Definitions regarding DE

1. Apr 19, 2014

MathewsMD

I'm not sure if this is particularly important, but so far through my studies I've only encountered DE with two related variables (e.g. $\frac {dy}{dx} = 3x$).

Now, given another function with an additional variable that is UNRELATED to the two other variables, can this still be considered a differential equation (e.g. $\frac {dy}{dx} = 3x + z$ where z is a random variable)? Does this not meet it's definition?

If I'm not mistaken, all the variables have to be related and it is possible to have DE with infinite variables, as long as they are all related. Is my understanding wrong?

2. Apr 19, 2014

Staff: Mentor

I would say no. Your first equation above is an example of an ordinary differential equation, in which you typically have one variable as a function of another. The assumption is that y = f(x), for some unknown function of a single independent variable.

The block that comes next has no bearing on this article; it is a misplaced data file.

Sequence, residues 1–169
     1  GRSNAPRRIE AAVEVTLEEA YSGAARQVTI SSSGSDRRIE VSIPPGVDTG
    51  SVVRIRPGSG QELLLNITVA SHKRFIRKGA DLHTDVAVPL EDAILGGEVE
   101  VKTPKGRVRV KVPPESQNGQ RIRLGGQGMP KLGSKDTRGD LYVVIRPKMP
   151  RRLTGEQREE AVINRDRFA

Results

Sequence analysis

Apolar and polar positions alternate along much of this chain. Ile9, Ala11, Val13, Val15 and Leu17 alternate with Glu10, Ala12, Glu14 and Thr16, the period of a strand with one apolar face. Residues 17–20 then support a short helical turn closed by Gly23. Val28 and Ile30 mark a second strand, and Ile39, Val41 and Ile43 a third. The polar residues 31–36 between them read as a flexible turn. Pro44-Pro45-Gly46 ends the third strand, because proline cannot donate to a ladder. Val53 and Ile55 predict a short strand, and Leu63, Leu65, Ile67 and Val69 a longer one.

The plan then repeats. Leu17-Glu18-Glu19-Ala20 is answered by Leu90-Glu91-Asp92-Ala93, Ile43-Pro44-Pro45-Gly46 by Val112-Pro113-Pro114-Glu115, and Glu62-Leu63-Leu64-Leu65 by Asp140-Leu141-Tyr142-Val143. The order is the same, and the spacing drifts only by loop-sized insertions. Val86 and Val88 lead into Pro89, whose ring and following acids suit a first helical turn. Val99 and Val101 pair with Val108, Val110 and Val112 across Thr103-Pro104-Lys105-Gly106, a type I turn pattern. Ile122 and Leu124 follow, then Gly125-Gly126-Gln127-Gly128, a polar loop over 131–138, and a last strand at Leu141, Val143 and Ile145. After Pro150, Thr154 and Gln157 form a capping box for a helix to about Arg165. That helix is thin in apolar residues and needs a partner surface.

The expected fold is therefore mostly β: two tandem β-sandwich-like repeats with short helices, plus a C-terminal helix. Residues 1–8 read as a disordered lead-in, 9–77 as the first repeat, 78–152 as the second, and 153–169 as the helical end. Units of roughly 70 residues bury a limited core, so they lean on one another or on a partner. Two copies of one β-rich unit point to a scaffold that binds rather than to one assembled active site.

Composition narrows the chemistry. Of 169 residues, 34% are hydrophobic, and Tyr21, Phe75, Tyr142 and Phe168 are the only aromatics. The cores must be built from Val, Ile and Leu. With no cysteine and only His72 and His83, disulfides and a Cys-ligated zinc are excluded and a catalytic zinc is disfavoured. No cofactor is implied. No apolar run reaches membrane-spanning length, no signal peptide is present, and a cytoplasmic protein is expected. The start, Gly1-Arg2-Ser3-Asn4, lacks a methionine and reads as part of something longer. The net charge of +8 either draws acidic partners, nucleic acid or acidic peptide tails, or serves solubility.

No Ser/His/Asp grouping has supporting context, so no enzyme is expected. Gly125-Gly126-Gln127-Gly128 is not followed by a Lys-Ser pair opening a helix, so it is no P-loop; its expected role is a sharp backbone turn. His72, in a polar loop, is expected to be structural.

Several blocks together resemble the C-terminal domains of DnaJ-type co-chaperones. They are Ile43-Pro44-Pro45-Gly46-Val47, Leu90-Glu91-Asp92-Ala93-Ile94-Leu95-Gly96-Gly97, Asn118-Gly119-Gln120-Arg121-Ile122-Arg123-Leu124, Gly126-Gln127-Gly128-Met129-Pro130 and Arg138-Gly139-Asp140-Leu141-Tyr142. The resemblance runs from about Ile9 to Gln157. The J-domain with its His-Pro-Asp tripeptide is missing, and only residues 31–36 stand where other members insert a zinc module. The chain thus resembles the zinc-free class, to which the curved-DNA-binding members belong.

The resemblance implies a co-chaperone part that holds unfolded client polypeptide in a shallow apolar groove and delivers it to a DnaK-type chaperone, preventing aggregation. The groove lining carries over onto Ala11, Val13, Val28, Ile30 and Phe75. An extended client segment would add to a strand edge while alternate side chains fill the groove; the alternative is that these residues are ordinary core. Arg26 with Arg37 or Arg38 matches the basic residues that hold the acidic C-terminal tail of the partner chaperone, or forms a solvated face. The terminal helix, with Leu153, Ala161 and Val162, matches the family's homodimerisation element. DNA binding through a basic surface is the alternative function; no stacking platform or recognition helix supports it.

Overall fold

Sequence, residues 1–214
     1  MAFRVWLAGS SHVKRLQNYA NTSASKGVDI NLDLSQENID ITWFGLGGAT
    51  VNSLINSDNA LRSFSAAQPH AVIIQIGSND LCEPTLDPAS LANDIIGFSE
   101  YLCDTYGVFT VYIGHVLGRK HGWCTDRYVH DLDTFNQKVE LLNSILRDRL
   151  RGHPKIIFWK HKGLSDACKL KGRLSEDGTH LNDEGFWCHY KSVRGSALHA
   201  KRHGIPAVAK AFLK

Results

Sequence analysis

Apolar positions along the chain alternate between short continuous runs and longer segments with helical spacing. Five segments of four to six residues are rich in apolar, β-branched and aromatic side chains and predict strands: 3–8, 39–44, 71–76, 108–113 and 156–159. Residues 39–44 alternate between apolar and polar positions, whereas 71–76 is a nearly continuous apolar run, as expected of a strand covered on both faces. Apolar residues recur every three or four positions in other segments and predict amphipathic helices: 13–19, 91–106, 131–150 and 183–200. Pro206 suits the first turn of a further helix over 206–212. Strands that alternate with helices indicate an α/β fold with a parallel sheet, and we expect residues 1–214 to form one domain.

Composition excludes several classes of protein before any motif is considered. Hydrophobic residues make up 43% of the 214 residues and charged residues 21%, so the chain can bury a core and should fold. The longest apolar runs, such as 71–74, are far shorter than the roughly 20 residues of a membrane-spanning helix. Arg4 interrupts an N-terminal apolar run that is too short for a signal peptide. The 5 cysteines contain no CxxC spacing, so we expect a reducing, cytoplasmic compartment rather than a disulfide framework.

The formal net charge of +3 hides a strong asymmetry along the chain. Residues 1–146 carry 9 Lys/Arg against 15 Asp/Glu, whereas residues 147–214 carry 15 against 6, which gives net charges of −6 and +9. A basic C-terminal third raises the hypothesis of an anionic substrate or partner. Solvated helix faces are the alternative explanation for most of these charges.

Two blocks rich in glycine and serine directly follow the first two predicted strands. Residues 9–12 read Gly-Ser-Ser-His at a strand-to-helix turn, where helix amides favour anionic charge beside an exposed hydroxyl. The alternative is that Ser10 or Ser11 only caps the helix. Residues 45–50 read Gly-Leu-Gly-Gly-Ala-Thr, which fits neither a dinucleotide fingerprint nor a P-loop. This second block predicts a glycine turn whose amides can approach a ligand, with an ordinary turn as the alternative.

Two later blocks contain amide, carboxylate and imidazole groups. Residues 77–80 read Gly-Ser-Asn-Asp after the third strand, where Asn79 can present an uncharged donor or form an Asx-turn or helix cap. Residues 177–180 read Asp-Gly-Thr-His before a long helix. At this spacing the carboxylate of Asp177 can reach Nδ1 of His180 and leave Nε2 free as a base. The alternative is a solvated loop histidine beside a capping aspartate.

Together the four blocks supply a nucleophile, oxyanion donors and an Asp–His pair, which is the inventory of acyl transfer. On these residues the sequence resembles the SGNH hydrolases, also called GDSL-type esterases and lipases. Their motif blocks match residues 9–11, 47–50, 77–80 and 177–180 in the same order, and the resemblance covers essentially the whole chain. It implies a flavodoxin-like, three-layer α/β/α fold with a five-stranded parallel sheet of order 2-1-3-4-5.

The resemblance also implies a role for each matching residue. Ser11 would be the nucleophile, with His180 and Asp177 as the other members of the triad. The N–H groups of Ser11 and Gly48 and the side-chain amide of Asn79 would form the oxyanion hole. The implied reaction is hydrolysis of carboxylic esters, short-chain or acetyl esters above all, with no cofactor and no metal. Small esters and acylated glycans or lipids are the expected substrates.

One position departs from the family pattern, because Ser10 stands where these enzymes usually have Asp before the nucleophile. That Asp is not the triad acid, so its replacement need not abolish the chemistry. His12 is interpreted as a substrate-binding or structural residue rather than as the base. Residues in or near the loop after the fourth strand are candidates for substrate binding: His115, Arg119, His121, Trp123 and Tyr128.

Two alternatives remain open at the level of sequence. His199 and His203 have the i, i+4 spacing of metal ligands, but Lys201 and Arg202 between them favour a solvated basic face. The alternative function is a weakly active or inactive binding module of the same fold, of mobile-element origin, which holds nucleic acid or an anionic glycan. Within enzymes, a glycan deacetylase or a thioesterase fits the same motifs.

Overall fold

Another type of differential equation is the partial differential equation, or PDE, in which you typically have a dependent variable that is a function of two or more independent variables, and the equation to be solved is some combination of partial derivatives of the unknown function.

The notation dy/dx implies that y is a function of x alone. In a PDE you have partial derivatives of various orders, such as $\frac{\partial f}{\partial x}$ and $\frac{\partial^2 f}{\partial x^2}$ and so on.

When you said that z is a random variable, you are probably unaware that "random variable" is a term widely used in statistics, with a specific meaning.

3. Apr 20, 2014

micromass

You can always solve the equation $\frac{dy}{dx} = 3x + z$ by treating $z$ as a constant (if it doesn't depend on $x$). But we don't call $z$ a variable then, but rather a parameter.

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